CLEVELAND — Forget the NBA record, the Cavaliers are officially as bad as any team in any pro sport.
Cleveland’s losing streak reached 26, matching the 1976-77 Tampa Bay Buccaneers’ record for consecutive incompetence on Wednesday night with a 103-94 loss to the Detroit Pistons, who were supposedly a beatable opponent for the bottom-dwelling Cavs.
Instead, Cleveland’s season slipped further into shame.
The Cavs (8-45) remain winless since Dec. 18 and have now dropped 36 of 37. Their next chance to end the unimaginable slide will be on Friday against the Los Angeles Clippers. After that comes a home game against the road-winless Washington Wizards on Sunday.
Rodney Stuckey scored 22 to pace the Pistons, who didn’t want to be remembered as the team that let the Cavs get off the mat.
The Cavs and their fans had hoped this was the night the streak stopped.
Cleveland had played well in its previous four games, losing by a combined 21 points and actually came into the matchup favored to beat Detroit, which was playing its second straight after hosting the league-leading San Antonio Spurs on Tuesday.
But the Cavs fell into a 12-point hole at half, and although they pulled within three in the third, they fell apart early in the fourth. Only some late buckets in garbage time made the score respectable.
When the final horn sounded, Cleveland’s fans didn’t bother booing as the Cavs dropped their heads and walked dejectedly to the locker room.
“Well, one of these days,” one fan climbing the stairs mumbled as he left.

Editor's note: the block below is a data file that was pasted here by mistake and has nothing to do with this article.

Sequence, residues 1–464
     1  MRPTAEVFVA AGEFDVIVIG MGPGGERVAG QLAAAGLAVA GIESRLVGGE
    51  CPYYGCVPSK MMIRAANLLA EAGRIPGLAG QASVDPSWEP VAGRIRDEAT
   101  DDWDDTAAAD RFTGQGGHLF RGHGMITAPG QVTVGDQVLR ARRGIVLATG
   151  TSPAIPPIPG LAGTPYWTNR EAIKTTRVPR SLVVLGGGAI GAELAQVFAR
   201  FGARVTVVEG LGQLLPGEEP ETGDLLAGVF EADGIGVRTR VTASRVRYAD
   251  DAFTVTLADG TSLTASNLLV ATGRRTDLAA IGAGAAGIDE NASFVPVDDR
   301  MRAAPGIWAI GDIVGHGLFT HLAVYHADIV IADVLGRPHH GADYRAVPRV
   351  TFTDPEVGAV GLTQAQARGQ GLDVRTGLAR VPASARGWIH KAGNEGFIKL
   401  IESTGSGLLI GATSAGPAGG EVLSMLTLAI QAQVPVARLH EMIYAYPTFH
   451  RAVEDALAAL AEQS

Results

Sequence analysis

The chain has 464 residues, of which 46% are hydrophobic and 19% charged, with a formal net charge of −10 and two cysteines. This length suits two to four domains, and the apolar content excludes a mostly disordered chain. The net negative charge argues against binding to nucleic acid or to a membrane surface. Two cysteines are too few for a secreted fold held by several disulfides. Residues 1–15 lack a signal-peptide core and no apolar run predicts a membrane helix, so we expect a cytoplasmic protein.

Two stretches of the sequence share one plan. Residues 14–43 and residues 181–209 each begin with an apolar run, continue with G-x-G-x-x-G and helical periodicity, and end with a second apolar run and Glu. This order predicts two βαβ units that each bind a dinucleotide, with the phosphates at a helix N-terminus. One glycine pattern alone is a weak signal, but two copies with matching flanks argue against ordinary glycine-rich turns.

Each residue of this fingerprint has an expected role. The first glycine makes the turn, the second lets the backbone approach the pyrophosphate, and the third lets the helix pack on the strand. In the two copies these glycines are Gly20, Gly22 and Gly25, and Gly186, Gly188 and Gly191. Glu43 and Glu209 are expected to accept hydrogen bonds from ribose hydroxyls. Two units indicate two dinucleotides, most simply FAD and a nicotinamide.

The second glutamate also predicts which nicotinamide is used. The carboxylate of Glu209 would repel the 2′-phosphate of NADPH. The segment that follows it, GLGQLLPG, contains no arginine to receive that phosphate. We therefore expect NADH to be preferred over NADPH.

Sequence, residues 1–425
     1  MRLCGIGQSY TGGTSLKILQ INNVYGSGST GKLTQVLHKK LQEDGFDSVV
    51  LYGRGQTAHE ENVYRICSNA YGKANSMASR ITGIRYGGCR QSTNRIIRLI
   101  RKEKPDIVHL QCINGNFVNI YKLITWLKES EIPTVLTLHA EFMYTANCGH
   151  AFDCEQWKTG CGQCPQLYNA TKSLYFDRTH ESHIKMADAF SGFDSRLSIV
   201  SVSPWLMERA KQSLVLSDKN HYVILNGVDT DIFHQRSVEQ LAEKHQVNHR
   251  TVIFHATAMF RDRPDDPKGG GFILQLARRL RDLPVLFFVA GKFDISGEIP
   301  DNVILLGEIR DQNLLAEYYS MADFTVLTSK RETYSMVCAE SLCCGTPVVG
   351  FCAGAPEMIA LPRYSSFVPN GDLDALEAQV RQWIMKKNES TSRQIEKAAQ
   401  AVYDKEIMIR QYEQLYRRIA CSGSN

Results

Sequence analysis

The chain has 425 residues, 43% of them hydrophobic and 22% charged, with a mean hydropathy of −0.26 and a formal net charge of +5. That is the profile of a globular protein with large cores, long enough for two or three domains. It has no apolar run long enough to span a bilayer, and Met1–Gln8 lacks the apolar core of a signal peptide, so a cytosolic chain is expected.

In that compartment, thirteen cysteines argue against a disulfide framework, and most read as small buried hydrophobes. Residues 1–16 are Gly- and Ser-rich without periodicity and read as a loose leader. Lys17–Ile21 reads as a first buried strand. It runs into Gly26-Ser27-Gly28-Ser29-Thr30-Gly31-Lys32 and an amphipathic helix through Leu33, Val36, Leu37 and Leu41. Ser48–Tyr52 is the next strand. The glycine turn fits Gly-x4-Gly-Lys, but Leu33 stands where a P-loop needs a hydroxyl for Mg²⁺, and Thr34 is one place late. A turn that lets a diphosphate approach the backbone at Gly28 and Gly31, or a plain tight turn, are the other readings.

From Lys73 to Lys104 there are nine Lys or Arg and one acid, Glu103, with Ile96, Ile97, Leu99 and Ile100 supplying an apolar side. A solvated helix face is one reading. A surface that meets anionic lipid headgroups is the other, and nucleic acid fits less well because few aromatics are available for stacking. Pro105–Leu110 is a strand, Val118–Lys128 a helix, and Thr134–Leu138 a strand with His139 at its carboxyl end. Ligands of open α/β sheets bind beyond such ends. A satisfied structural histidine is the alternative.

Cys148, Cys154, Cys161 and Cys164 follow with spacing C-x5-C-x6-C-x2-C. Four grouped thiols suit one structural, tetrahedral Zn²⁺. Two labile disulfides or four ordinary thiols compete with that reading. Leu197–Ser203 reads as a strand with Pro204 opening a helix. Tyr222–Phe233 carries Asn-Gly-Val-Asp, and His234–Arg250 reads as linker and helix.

There had been so many encouraging signs lately. The Cavs fell 99-96 on Monday in Dallas, when they failed to execute in the closing seconds and set a new league record for consecutive losses over one and two seasons. Coach Byron Scott was heartened by his young team’s effort against the Mavericks, and with eight straight home games ahead, the time seemed right for Cleveland to get back in the win column.
After playing the Spurs, the Pistons were ready for the Cavs. They built an 11-point lead after three and never let Cleveland get going in the fourth.
Will Bynum scored 17 and Charlie Villanueva 13 for the Pistons, who played without guard Rip Hamilton. He sat out with a strained right groin.
Antawn Jamison scored 20 of his 22 points in the second half for Cleveland. J.J. Hickson scored 18 with 15 rebounds.
Down 55-43 after a flat first half, the Cavs came out inspired in the third quarter.
They went to Jamison, who scored just two points in the first half, early and he single-handedly brought them back by outscoring the Pistons 10-4 in the first 3:32 as Cleveland closed within 59-55. However, Detroit responded, carried an 81-70 lead into the fourth and took care of business — just like Cleveland’s previous 25 opponents.
As the losing streak has dragged on, Scott has received numerous encouraging phone calls and advice from friends around the league. The messages have all been positive.
“It’s good to hear their voices,” Scott said. “It’s usually, ‘Hang in there.’ It’s something I’m going to do anyway.”
Scott maintains he has no regrets about taking the Cleveland job, which he took not knowing if LeBron James would re-sign with the Cavs. After hearing him asked about the decision so many times lately, Scott’s wife, Anita, asked her husband if he laments coming to Cleveland.
“No,” he told her.
There’s help on the way for the Cavs. G Mo Williams (hip) and F Leon Powe (knee) will practice again on Thursday and could be playing in games before next week’s All-Star break. Scott will wait until Williams returns to action before deciding whether he’ll start or come off the bench. … Pistons coach John Kuester spent three playoff seasons as an assistant on Cleveland’s staff (2007-09) and is sorry to see the Cavs fall on hard times. “You never want to see any former organization you worked for go through what they have,” he said. “Their guys have played hard. That’s the important thing.”
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